Nutritional Deficiencies That Can Cause Eating Disorders – Dr. James Greenblatt – HPP 60
In today’s modern culture it’s no surprise that what we consume is largely influenced by what we see around us either in the media, internet or within the workplace. There are hundreds, if not, thousands of factors that affect our mental well-being and having a deficiency in nutrition can massively impact our capacity to think and make sound decisions that can ultimately multiply other factors that help worsen a fragile mental state.
In today’s episode, we discuss the lack of a push and awareness on the importance of nutrition and why providers should look more into incorporating this idea in their day to day practice. We discuss the role that the media plays on how it influences us and our children around nutrition and eating disorders.
We are very excited to be joined today by Dr. James Greenblatt, a revolutionary mind and expert on the treatment of eating disorders. Join us as we dive deep into issues involving imbalanced nutrition and how we can apply effective strategies and solutions to help avoid or combat existing symptoms of an eating disorder that you or someone you may know is experiencing.
Origins: Adapting the Integrative Approach – 02:11
“But I kind of came into it by accident about 20 years ago. And for me, it was kind of a perfect way of bridging my interest in traditional psychiatry and integrative because I got to talk about nutrition and brain function because all of our patients were malnourished and I could do grand rounds, and I could talk to colleagues about nutrition”
Dealing with difficulties: Food Allergies – 08:32
“I mean, as an outpatient physician and integrative psychiatrist, I’m looking at diet as an important part of the treatment plan. With our patients with anorexia, particularly in the hospital, you have to be really careful recommending restriction of any food group as part of this illness to kind of obsess and hold on to that”
Diet Restrictions and Eliminations: Why you need to be cautious – 10:00
“And if you’re worried about the patient that you’re working with, I would be really cautious about making broad recommendations about eliminating all these foods. Again, I’ve seen it many, many times”
Treating Eating Disorders – 13:49
“The kinds of therapy that has been shown to be somewhat helpful, there’s like DBT and CBT. And you mentioned the word meaning. I think so many of our patients with anorexia have this obsessive perfectionist personality. And then that often can be used for academic success and success in employment. But when it’s just focused on food and weight loss, it becomes destructive“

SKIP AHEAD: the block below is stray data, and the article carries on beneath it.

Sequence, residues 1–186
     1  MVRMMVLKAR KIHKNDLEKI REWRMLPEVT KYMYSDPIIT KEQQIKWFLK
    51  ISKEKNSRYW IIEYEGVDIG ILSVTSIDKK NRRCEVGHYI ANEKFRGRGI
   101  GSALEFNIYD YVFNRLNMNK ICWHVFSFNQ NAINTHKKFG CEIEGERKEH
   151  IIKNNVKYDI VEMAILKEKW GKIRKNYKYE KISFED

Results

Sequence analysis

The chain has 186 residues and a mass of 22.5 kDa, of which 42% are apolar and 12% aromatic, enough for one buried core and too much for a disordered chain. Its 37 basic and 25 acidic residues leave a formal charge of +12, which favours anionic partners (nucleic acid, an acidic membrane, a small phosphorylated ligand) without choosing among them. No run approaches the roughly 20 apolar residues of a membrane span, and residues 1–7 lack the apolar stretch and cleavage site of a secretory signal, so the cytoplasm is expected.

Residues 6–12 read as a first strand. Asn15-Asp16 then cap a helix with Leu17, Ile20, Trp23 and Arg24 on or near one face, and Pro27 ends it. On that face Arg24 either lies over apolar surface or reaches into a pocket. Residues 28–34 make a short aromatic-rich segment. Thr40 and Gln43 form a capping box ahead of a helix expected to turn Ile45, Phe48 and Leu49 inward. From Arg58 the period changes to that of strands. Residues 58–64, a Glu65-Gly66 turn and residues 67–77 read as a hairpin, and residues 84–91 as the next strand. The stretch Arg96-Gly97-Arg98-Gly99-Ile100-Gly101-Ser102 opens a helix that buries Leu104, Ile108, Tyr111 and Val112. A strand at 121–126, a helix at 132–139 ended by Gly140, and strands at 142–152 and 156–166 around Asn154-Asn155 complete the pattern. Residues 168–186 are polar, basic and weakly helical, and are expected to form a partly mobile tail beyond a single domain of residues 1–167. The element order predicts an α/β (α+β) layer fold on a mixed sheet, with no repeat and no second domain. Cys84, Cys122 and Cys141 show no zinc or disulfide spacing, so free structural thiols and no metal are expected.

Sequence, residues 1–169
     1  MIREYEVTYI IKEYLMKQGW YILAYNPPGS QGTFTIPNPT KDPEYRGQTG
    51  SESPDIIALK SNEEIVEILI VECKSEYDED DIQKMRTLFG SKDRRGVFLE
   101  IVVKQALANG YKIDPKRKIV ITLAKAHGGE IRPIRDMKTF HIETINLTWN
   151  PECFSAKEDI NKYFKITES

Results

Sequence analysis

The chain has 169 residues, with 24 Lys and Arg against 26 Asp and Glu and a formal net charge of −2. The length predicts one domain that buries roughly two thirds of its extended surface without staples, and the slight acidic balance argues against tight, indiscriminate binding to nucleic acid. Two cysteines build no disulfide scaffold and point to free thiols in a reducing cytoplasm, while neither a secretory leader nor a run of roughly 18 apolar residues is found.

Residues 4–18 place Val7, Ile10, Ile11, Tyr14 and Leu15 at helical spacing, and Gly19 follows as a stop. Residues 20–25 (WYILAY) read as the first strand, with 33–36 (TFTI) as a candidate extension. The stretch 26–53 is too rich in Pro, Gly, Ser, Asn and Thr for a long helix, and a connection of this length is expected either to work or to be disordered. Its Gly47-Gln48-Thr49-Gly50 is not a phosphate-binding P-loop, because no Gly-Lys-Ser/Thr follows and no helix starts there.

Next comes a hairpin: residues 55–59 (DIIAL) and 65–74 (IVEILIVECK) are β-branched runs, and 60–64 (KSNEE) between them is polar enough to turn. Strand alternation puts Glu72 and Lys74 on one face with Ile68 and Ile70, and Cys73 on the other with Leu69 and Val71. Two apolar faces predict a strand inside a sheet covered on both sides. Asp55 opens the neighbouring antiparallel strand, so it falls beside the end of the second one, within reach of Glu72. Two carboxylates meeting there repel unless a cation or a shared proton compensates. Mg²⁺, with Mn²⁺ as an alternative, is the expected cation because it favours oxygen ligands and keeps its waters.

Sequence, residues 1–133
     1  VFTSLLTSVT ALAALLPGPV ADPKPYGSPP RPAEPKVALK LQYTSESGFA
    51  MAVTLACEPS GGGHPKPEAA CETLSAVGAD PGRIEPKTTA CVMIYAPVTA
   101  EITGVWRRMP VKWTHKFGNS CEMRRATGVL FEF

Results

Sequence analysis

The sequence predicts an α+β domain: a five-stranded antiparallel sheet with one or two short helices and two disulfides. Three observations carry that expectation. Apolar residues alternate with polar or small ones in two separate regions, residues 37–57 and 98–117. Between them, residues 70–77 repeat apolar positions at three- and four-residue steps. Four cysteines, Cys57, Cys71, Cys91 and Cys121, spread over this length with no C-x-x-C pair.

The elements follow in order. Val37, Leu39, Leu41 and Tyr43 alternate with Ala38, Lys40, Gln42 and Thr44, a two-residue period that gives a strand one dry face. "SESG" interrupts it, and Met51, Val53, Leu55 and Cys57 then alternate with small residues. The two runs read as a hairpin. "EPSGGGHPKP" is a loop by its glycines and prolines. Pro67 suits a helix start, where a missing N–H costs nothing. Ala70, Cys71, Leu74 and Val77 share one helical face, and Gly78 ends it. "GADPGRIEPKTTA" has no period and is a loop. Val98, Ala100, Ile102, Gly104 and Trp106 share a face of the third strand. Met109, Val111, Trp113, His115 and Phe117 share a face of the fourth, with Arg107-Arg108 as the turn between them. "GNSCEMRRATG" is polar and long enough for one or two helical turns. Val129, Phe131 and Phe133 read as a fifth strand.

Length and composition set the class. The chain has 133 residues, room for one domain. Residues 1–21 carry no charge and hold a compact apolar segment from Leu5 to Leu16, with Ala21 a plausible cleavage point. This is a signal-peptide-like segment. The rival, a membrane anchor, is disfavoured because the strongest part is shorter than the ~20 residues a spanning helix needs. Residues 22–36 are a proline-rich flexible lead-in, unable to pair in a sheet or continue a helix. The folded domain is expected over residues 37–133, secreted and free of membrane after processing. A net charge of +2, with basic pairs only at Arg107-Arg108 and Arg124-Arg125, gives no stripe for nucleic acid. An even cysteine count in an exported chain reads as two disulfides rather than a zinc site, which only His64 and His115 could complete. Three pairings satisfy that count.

Anorexia and Celiac disease – 16:18
“We would recommend to adhere to a strict gluten free diet. So for celiac disease, we can document and absolutely, because that would impair recovery and nutrient malfunction. It’s kind of big food allergy panels that are just hard to substantiate the clinical relevance as well as relating risk of eliminating diet”
Treating Anorexia – 20:33
“And I believe there are models of prevention. So if we can treat it aggressively and treat it early, some of the nutritional supplements, as well as there’s something called FET family based therapy, helping the parents get more involved and monitor their kids as if they have a life threatening illness is probably the most important thing we can do”
Managing Children with Eating Disorders and the Truth about the Vegan diet – 25:29
“Well, this is going to be hard to hear some parents appreciate but probably the most important message I can share with you today and parents is my concern that a vegetarian or vegan diet, in preadolescents is one of the major causes for eating disorders”
Understanding Zinc and the effects of a deficiency – 30:01
“They’ll have many of the symptoms that you and I would see in our patients with anorexia. So, zinc is required for our taste buds. So most of our patients with anorexia have a lack of sense of taste. So food is not pleasurable. And zinc is also required for digestion”
The impact of Social Media – 34:00
“Some of the social media stuff about helping people lose weight, helping people hide their anorexia from the parents, and then the kind of social media support and comparison absolutely fuels this illness. You know, we described it as the gasoline on the fire that sometimes can tragically precipitate”
The future of treating Eating Disorders – 36:32
“I think the new areas that we need more work on are some of the infections like pandas. So these infections create some kind of autoimmune disorder with eating, restricting the major component. So I think there’s an autoimmune component that we need to do better to address. There are no current medications that we have for anorexia nervosa”
Full Episode Transcript
Dr. James Greenblatt, Keith Kurlander, Dr. Will Van Derveer
Dr. James Greenblatt 00:01
We have thousands of articles demonstrating that a vegan vegetarian diet, higher risk to develop an eating disorder, slower rates of recovery and much more likely to relapse. And for me, it just reflects a zinc deficiency that I was talking about earlier because a higher need for zinc in puberty, vegan diet, which is small, so little zinc is kind of that perfect storm.
Dr. Will Van Derveer 00:35
Thank you for joining us for The Higher Practice Podcast. I’m Dr. Will Van Derveer with Keith Kurlander and this is the podcast where we explore what it takes to achieve optimal mental health. Welcome back, everyone. Today’s episode of The Higher Practice Podcast is on eating disorders. The origins of eating disorders is not something we really talk much about in this field. It’s not something that was discussed in my training as a psychiatrist, and it’s a really interesting question. What are some of the possible underlying causes of eating disorders? Are there nutritional deficiencies? Are there other issues? And I learned some very surprising new information from our guest today, Dr. James Greenblatt who has been treating eating disorders for 30 years. For the past three decades, Dr. Greenblatt has devoted his career to educating his colleagues, clinicians and patients. How integrative medicine can have profound effects on mental wellness and how to employ balanced integrative strategies in the treatment of eating disorders. So we’re really excited to get to share with you this exploration of what may underlie the symptoms of an eating disorder.